Predictably, legacy banks are sniffing around in the usual fashion, eyeing their slice of the pie, as Koltun illustrates, “Both Barclays and JP Morgan Chase have been a part of IBM’s quantum network since late 2017. The banks were looking to utilise quantum computing for asset pricing, risk analysis, risk mitigation, trading, and portfolio optimisation. Given the amount of money tied up in risk mitigation, and lost to improperly-assessed risk every year, the potential value is massive.”
How about the potential value to the retail customer? What benefit, if any, will they reap from advances in QC?
The customer? Oh, right! The customer!
“For normal guys like us”, Braun asserts, “walking around using our phones, we won’t notice the existence of quantum computing in the first place because there will always just be access via the cloud. You won’t need to buy new stuff, we’ll just have a connection somewhere in the back-up to quantum computers.”
In the medium to long term though, the quantum software developer foresees measurable improvements to the lot of the average customer. “Especially in 10+ years, I think that there’s going to be major benefits. Banking will become more seamless and more personal. Checks will take less time and if they don’t, they will be done with a better model which is more accurate. The customer will feel the difference but they won’t know that it’s coming from a quantum computer.”
Koltun feels that immediate benefits will be hard to spot but doesn’t rule out some tertiary advantages finding their way through. “Retail banks have been interested in the potential of quantum computing and its applications towards portfolio optimisation, asset pricing, trading, and risk analysis which, when addressed, could have a meaningful impact on the individual retail customer.”
Stein meanwhile remains unconvinced that QC will yield any rewards for the guys and gals in the street as, “benefits will likely be reaped by big players and not affect typical customers significantly.”
Did I forget to mention AI?
It seems that these quantum gurus are undisturbed by talk of hardware monopolisation as well as being decidedly underwhelmed by the hysterics surrounding the blockchain and encryption. Markus Braun, however, feels my enquiries into quantum computing are missing one significant and potentially hair-raising detail.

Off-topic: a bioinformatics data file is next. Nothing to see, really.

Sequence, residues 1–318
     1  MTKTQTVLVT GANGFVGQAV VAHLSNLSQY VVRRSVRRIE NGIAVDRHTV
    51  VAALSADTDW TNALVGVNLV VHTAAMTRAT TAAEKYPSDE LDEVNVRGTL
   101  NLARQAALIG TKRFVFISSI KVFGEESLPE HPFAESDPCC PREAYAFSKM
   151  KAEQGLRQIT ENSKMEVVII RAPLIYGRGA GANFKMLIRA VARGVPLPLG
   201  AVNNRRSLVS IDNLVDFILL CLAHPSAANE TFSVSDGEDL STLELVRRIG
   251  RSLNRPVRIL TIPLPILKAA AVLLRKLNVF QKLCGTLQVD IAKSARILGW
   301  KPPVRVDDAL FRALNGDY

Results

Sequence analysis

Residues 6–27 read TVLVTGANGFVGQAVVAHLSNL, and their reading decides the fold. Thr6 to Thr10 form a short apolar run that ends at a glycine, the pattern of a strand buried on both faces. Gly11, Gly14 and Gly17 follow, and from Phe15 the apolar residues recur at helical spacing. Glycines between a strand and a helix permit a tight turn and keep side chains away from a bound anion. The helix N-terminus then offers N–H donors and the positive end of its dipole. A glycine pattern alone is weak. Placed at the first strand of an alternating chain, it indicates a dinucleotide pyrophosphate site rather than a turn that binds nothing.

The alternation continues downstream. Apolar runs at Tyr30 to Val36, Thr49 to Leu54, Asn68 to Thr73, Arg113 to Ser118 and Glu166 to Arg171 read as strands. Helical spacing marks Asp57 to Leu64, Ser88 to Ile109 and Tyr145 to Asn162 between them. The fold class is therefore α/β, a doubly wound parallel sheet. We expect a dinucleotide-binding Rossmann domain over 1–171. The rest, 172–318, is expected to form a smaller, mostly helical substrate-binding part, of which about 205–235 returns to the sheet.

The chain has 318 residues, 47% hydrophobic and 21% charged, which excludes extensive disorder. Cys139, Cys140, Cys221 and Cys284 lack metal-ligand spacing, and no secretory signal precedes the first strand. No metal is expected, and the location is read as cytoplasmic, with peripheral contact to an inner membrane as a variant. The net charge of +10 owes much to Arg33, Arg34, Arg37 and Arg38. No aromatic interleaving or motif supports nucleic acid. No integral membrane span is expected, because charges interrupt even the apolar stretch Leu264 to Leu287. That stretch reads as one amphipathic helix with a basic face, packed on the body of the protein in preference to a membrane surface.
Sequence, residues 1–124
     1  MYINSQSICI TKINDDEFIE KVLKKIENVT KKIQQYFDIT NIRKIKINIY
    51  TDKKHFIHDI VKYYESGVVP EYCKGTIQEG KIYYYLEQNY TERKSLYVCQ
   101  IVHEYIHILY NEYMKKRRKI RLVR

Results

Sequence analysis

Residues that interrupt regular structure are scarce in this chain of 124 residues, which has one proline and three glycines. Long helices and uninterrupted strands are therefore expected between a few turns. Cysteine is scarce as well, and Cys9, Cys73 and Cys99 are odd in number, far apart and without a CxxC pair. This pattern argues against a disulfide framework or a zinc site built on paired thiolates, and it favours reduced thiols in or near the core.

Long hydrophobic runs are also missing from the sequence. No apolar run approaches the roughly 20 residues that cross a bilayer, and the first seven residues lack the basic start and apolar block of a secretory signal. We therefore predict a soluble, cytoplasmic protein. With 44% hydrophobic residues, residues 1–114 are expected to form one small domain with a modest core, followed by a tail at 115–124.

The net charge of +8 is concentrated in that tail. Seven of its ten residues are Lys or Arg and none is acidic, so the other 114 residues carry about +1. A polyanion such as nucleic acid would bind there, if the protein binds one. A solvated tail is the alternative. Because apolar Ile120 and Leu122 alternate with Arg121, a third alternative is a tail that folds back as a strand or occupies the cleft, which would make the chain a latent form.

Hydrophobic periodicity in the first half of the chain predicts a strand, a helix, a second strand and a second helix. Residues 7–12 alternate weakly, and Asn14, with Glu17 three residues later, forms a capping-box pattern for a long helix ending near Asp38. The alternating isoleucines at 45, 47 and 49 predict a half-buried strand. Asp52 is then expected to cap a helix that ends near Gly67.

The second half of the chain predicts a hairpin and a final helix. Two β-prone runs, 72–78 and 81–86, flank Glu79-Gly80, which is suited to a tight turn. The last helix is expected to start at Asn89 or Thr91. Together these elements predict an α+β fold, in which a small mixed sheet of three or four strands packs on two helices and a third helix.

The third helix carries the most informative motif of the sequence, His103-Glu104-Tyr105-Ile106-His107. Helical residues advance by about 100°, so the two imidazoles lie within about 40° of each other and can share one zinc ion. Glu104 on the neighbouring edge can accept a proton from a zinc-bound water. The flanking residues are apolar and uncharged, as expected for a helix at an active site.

Apparently, I’ve entirely overlooked the utility quantum computing could have in the burgeoning field of machine learning.
“Artificial intelligence will benefit from the existence of quantum computing… infinitely. So, if you’re afraid of AI now, you’ll be more afraid of AI then! In five to ten years, you’ll hear a lot about that…”
But Let’s Not Sh*t Ourselves, Yet
When discussing fintech innovation, it’s all too easy to get carried away, and this is certainly the case with regards to quantum computing in finance. Hyperbole and inaccuracy are being spouted in equal measure, so I’ll leave it to Herr Braun to give us a remedial dose of cold hard reality. “For now, we’re still simulating quantum computing. It’s still very error prone and in a research phase, it’s still emerging. What we’re doing right now is simulating these qubit systems, this universal quantum computer.”
And what of the perceived threats?
“You don’t need a quantum computer to save yourself from a quantum computer. There are already classical algorithms which are quantum safe…I don’t even like to call them threats because basically QC isn’t a threat, it’s what you make of it…”